OPINION

Letter from Thessaloniki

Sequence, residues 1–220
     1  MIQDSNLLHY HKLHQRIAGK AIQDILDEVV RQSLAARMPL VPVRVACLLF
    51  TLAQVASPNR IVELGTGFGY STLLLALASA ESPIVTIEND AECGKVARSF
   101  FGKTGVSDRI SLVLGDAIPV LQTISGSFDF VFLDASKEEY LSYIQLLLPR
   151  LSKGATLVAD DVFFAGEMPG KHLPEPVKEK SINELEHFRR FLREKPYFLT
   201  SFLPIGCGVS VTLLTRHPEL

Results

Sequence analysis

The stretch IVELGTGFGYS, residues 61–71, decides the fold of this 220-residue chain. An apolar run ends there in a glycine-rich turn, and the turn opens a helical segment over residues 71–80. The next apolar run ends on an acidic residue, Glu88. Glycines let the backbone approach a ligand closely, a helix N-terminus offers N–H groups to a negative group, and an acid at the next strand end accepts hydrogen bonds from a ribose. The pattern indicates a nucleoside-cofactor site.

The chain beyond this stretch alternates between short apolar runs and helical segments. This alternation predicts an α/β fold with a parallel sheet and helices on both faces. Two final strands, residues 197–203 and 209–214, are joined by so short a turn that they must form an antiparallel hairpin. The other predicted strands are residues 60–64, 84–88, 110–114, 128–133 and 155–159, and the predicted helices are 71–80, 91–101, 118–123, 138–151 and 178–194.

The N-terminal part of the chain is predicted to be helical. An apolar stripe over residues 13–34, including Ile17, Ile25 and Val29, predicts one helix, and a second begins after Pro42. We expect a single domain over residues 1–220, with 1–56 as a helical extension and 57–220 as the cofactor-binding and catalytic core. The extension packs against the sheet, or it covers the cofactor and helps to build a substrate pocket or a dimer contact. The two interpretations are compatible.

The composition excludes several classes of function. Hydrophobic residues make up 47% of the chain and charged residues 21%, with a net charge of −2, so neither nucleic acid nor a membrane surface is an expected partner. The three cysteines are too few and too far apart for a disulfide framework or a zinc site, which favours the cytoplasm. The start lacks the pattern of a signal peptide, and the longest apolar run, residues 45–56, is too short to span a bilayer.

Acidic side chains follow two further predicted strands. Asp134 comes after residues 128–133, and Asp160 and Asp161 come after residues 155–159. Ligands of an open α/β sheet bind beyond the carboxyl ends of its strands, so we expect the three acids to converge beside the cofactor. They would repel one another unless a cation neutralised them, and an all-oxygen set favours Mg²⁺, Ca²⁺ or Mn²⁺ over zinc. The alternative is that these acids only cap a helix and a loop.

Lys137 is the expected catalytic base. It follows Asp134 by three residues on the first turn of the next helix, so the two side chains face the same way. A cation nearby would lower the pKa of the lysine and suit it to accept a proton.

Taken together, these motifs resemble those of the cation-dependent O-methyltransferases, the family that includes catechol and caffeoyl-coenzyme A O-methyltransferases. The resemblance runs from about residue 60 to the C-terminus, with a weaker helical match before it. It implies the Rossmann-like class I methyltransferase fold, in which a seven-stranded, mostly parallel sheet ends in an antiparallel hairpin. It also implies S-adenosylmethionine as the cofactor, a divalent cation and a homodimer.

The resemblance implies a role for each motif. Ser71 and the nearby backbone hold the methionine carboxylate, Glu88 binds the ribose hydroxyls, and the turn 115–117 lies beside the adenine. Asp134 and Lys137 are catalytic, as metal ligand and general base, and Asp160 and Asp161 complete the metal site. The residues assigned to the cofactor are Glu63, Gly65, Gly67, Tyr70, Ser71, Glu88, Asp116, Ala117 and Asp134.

It is an open secret that Orthodox Greeks, while climbing a slippery slope, have steadily preferred Arafat to Sharon or Bush. One of the most fascinating aspects of history-watching is that for almost a thousand years the Greek east and the Latin west have been growing increasingly further apart. And it was not just journalist Helena Smith who, about two years ago in an article in the Guardian, detected «a whiff of anti-Semitism in some Greeks’ support for the Palestinians.» Also Greek-born, Mordechai Frisis – a 32-year-old rabbi who grew up in a traditional Zionist home in Athens – declared in an article in the Jerusalem Post signed by Michael Freund shortly after he moved to Thessaloniki last year: «I walk around with a cap because there have really been some problems. There is anti-Semitism in Greece.» God willing, Arafat’s exit from the stage might bring peace to the Middle East, and possibly less anti-Jewish sentiments in Greece. Inshallah. Meanwhile, and while things change, something has to be made very clear since Arafat’s burial: The term «Islamic fundamentalist,» which has been used by all and sundry, has been applied in totally the wrong fashion, to say the least. There is a worldwide conventional wisdom that presents an inherently aggressive and xenophobic religion, Islam, with «radical» followers who practice «jihad,» which is the only Arabic word everyone in the West comprehends: «holy war.» Here we have a huge misunderstanding. A fundamentalist is someone who adheres to the traditional orthodox aspect of his own religion and does not pursue other pleasures. Fundamentals are now taken entirely for granted by Christians and Jews who are irresistibly drawn to the Old Testament God at his most prohibiting and pitiless. Fortunately, terrorism is not a part of the fundamental teachings of Islam. Modern terrorism was used by the Greek freedom-warriors against the Ottoman Empire, by the French resistance against the German occupiers and by Zionist fanatics and radicals against the British in Palestine – not to mention by the Cypriots and the Irish for centuries. And wasn’t the Jew Samson the first suicide-bomber in history when he sacrificed himself, taking with him to death a vast number of ancient Palestinians? Now speaking of the Ottoman occupation of Greece, in actual practice, the Turks treated their Christian subjects with remarkable generosity. The Muslims in the 15th century were far more tolerant toward Christianity than Western Christians were toward one another during the Reformation and the 17th century. Sir Steven Runciman, a contemporary writer of history, is being broadly quoted: In «The Fall of Constantinople, 1453,» Runciman reports that the end of the Byzantine Empire began when the crusaders seized Constantinople and divided up much of the empire among themselves. «The last Christian emperor standing in the breach,» as Sir Steven records it, «was abandoned by his Western allies, holding the infidel at bay until their numbers overpowered him and he died, with the empire as his winding sheet.» Well, good for us Greeks. Because as Sir Steven notes further, the «infidels,» unlike the Roman Catholics, did not persecute others for their religion. One of the last grand dukes of the Byzantine Empire, Lucas Notaras, famously remarked, «I would rather see the Muslim turban in the midst of Constantinople than the Latin mitre.» By submitting to the sultan, the Greek Church was able to survive until the present day, while the Greek community continued to maintain its identity. Now on anti-Semitism: There are some historical facts that cannot be ignored. Sephardic Jews, fleeing the Inquisition in Spain, came to Thessaloniki in the 15th century, settling in such large numbers that for a time the city was known as a «second Jerusalem» – at least until World War II when the Jewish community was annihilated by Nazi occupiers. In 1821, the Turks killed the Greek Orthodox patriarch in Constantinople and forced some Jews to throw his body into the sea. When this became known in Greece, the Greek Jews were massacred. About a century later, after the Balkan wars, it was a widely known fact that the Jews of Thessaloniki were against Greek independence. Being mainly merchants and businessmen, a vast Ottoman Empire (a sort of European Common Market) was preferable to them than a tiny new country. Greek Christians have hardly forgotten this. Even today in this city – still known to some as «Madre Israel» (Malkhah Israel) or the «Queen of Israel,» as the Spanish Jews, the ladinos, proudly called Thessaloniki – there exist Christian radicals who believe that Jews are forever guilty of the murder of our Lord, hence the «justified» preference for the Palestinians. Our fundamentalists, compulsively given to over-emphasizing, still quote from Paul’s first Epistle to the Thessalonians («The Jews, who both killed the Lord Jesus and their own prophets, and have persecuted us») which falls just short of being an anathema («…in flaming fire taking vengeance on them»). After the fall of the Berlin Wall in November 1989, an entire epoch disappeared. Islam then replaced the Soviet Union as the new «evil empire.» Unhappily, modern-day Christian and Jewish radicals who possess a gift for creating images for others, have presented an eternally combative, aggressive, superstitious and clannish Islam outside of history. Still, the past instructs us that it was Islamic fundamentalism that built a Caliphate stretching from Spain and North Africa to Iran and India in the East – over a period of roughly 12 centuries – and which provided security within a stable state, a security that was shared by the Muslims, Christians and Jews who lived within its borders. Furthermore, during the Dark Ages, while Europe was in the midst of massive turmoil, Islamic fundamentalists were enjoying the luxuries of universities, street-lighting and medical theory inherited from the earlier Greeks. How did this period of fundamentalism end? Following the foreign interference which began with the many crusades launched from Europe. Until last week, Arafat’s mere existence had allowed Washington and Tel Aviv to justify their neglect of a serious peace plan. Yet Arafat is already the subject of a cult that may persist through the machinery of publicity long after all memory of his administration has been absorbed by the golden myth now being created.